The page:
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King Crimson - Jakszyk, Fripp and Collins: A Scarcity of Miracles CD (album) cover


King Crimson


Eclectic Prog

3.56 | 576 ratings

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Eclectic Prog Team
4 stars This sedated music is perfect for a somber, gray morning such as this. Despite the sleepy overall atmosphere, morphing from one hypnotic state to another, this is an incredibly engaging album. Mel Collins is indispensable, and the vocals of Jakko M Jakszyk fit beautifully. In a word, for those who like the King Crimson song "Eyes Wide Open," they too shall like this.

"A Scarcity of Miracles" Airy, gloomy textures mist through and around until at last they take shape, donning the apparel of foggy, calm jazz rock. The final two minutes, from which the title of the album is drawn, is brilliantly crafted. I daresay that this is one of the greatest pieces of music in which Robert Fripp has ever been involved.

"The Price We Pay" Opening with the Gu Zheng, this begins peacefully, but takes on the style of 1990s Adrian Belew-fronted King Crimson. That punctuated refrain is a perfect hook. The piece also offers plenty of easygoing guitar solos and various brass instruments woven together.

"Secrets" Over soft, dusky layers of sound come stunning vocal harmonies, saxophone interruptions, and tranquil guitar. The drums do not enter until halfway in, allowing the music a more definite shape that features an excellent riff speckled among the singing.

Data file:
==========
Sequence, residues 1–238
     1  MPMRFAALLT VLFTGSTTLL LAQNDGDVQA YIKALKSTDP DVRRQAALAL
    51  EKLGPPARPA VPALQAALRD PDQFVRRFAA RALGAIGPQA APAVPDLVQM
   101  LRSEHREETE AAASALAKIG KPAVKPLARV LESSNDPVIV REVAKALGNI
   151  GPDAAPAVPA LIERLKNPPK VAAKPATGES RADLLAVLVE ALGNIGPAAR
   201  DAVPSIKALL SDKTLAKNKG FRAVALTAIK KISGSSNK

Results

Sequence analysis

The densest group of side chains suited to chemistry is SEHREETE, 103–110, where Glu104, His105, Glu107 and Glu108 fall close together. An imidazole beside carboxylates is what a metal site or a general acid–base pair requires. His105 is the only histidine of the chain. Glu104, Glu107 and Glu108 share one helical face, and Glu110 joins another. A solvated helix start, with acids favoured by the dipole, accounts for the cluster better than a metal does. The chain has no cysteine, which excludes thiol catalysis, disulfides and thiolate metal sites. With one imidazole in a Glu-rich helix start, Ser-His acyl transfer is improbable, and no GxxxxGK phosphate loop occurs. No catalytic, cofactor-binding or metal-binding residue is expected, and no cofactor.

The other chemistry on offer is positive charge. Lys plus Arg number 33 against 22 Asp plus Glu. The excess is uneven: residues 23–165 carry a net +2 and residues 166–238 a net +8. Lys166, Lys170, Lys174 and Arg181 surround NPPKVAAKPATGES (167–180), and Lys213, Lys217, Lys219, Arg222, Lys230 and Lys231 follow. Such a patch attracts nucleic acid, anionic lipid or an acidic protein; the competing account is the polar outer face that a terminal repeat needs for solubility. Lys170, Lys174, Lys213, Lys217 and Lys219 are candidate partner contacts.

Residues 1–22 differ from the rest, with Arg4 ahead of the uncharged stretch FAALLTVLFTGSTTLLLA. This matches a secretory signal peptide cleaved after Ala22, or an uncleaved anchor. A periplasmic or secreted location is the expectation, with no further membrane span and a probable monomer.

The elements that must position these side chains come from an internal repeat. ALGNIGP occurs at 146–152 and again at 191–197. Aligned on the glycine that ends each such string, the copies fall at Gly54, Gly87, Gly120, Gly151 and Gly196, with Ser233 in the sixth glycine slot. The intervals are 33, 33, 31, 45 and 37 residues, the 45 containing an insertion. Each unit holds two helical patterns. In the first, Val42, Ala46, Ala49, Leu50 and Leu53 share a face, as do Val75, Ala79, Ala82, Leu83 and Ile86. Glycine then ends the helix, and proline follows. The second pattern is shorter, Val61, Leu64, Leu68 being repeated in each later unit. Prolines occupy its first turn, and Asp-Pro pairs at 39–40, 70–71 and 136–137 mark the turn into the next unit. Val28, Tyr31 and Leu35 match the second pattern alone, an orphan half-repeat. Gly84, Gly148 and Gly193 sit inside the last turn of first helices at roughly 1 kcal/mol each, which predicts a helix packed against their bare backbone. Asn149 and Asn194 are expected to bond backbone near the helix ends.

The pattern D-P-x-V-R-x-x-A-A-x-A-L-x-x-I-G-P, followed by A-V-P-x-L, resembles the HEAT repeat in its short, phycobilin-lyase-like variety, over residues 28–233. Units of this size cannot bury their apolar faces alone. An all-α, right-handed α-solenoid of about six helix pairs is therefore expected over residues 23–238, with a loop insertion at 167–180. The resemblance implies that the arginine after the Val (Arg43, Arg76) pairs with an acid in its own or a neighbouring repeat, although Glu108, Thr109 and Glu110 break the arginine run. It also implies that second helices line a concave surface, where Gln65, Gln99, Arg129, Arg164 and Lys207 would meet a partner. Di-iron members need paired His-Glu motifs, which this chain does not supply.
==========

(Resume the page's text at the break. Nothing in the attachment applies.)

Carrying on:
"This House" The most anaesthetized moment on the album, "This House" opens with layers of sound and vocalizations. While I appreciate the piece, it is less memorable than the first three songs. Collins erupts in a whirlwind of saxophone during the final moments, eventually fizzling out.

"The Other Man" The most dissonant and darkest of the six pieces, this takes the listener back to The Power to Believe. Tony Levin's bass is dominant in the middle verses, while the guitar lines occasionally hearken back to Discipline. Meanwhile, Gavin Harrison's drumming is erratically good, supporting the other musicians but shining all the while.

"The Light of Day" The final piece takes us all the way back to "Moonchild" from the debut King Crimson album, featuring whimsical, jazzy noodling initially before the dark vocals emerge from the haze. While arguably the most experimental, it is the least enjoyable for me, and a rather unfortunate way to end an otherwise remarkable album from a talented and experienced company.

Epignosis | 4/5 |


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